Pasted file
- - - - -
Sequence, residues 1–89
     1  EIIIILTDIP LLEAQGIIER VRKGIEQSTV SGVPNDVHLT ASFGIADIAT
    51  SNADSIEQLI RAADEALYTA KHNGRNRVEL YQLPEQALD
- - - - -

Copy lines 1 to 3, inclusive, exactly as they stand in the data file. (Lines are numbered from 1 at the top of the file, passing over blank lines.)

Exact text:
Sequence, residues 1–89
     1  EIIIILTDIP LLEAQGIIER VRKGIEQSTV SGVPNDVHLT ASFGIADIAT
    51  SNADSIEQLI RAADEALYTA KHNGRNRVEL YQLPEQALD